• Third, understanding the complex and often multiple identities and attitudes of key actors and interlocutors in the polio eradication programme, in order to target communication interventions within the programme’s core constituency - its health workers and vaccinator teams.

Mass vaccination programmes such as PEI will benefit from better, more sophisticated political economy analysis. Here are three suggestions as to how communications and social mobilisation concept and practice can be strengthened both in the case of polio eradication in the remaining endemic countries, and in future mass vaccination programme design and roll-out.

Develop a political economy of 'state', development, and health

Mass immunisation - increasingly so as it is applied in countries with limited resources and fragile institutions of governance - provokes contest between factions including international actors, government agencies, religious and ethnic leaders, civil society, community leaders, health practitioners and families struggling to manage increasing risks often with diminishing resources. In order to understand the context in which a national eradication programme will develop, thrive or fall short of its ultimate objective, we need to understand how and where the target disease sits in the often contested field of discourses of health - where medical practitioners defend their business interests by challenging publicly funded health institutions regarding vaccine efficacy and appropriate modes of delivery; where traditional health practitioners defend the validity of their approaches by questioning vaccines as a general technology; where religious and ethnic factions critique the value, safety and transparency of a mass vaccine programme as a way of engaging and expanding popular support by challenging entrenched government elites.

But we also need to understand where health sits within wider national political discourse.[1] In order to help shape a governance system supportive of polio eradication, the polio programme - in particular its communication and social mobilisation component - must understand and engage with the wider political economy. Because it is this wider political economy that will shape not only the way the state (nationally and locally) defends, support and resources health services in general and vaccination in particular, but also the kinds of material improvements at community and household level that may positively influence families’ ability and willingness to commit to polio vaccination.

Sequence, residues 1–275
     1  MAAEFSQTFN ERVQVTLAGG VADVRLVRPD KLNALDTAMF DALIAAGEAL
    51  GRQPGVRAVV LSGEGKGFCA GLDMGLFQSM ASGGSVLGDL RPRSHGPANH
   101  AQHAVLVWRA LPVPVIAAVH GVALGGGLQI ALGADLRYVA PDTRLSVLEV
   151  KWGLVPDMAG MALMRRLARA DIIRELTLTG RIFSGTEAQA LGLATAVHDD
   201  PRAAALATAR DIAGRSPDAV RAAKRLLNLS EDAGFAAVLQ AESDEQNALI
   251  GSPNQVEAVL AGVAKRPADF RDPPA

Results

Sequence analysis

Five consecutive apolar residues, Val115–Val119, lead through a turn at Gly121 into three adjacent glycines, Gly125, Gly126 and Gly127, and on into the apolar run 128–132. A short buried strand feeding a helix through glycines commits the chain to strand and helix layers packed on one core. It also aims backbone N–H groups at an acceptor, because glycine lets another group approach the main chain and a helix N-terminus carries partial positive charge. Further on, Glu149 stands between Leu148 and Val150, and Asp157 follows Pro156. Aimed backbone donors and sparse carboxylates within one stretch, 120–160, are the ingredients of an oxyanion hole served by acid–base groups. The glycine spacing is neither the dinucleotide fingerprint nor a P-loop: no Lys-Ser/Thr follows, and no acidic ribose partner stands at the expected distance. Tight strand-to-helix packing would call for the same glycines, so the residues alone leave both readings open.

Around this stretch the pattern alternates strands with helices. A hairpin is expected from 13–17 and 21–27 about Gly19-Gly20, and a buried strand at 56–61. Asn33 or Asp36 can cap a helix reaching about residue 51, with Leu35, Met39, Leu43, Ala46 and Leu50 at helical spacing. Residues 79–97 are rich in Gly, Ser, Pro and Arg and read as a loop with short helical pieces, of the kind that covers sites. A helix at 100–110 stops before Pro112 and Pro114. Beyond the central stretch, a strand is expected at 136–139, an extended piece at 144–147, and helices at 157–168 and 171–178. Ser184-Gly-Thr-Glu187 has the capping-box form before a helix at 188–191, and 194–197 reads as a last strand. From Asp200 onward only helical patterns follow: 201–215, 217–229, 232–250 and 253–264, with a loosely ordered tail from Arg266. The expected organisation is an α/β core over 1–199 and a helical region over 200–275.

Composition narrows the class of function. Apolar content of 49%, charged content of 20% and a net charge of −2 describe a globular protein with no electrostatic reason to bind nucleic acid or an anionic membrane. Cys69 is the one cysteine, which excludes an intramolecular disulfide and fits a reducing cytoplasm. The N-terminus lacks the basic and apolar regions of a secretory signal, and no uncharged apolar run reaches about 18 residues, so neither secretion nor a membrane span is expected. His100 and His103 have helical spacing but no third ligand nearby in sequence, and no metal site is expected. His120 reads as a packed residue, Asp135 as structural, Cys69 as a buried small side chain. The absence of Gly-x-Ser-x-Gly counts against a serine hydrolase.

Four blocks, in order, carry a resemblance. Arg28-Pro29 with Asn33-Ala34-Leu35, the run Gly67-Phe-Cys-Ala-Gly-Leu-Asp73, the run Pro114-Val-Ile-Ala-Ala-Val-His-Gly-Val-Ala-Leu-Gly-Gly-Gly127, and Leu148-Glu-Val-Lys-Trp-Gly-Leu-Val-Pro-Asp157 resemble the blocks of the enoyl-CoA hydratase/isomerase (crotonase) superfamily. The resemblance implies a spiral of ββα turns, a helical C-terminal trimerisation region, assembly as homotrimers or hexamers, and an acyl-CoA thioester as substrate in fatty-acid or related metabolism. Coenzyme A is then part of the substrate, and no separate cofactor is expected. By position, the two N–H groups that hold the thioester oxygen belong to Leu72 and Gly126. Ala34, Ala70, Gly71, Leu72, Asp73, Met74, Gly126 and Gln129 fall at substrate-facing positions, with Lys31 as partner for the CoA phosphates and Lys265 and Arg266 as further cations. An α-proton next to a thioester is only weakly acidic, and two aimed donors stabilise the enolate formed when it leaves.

Develop a political economy of household health

Much programme research is designed to investigate how people and households think about polio. Yet polio is frequently very far from the centre of gravity of people’s lives in target communities with high rates of missed children in remaining endemic countries. Marginalisation, a bleak absence of economic opportunity, a dearth of public services, deep-seated fractiousness and suspicion between communities, between social groups, between people and government - these are the core features of household life and daily struggle. To assume that, with some encouragement, explanation and ‘mobilisation’, households will collectively shift from overwhelming lack of interest in polio vaccination to popular collective activism in support of the programme is naïve at best.

Understanding where polio fits in people’s lives - how vaccination articulates with wider interests, aspirations and fears - is key to understanding first the limits of communication (the extent to which messages from the polio campaign are simply insignificant relative to other more pressing matters), and second the kinds of messages that have any chance at all of touching and provoking positive associations and responses. Yet most social and communications-related research starts from the premise of polio as a key interest or point of reference for households targeted for investigation. The result is information that is more reflective of the assumptions and biases of the investigators than of the reality of the lives of the respondent families. The resulting concepts of communication, again, reflect assumptions on the part of the communicators, and much less an attempt to engage seriously with the complex and frequently life-threatening realities of daily life among those we hope to persuade that vaccination is a worthwhile thing to do. Simply massaging imagined aspirations is unlikely to get more than a polite reception and affirmation of pre-existing support for vaccination.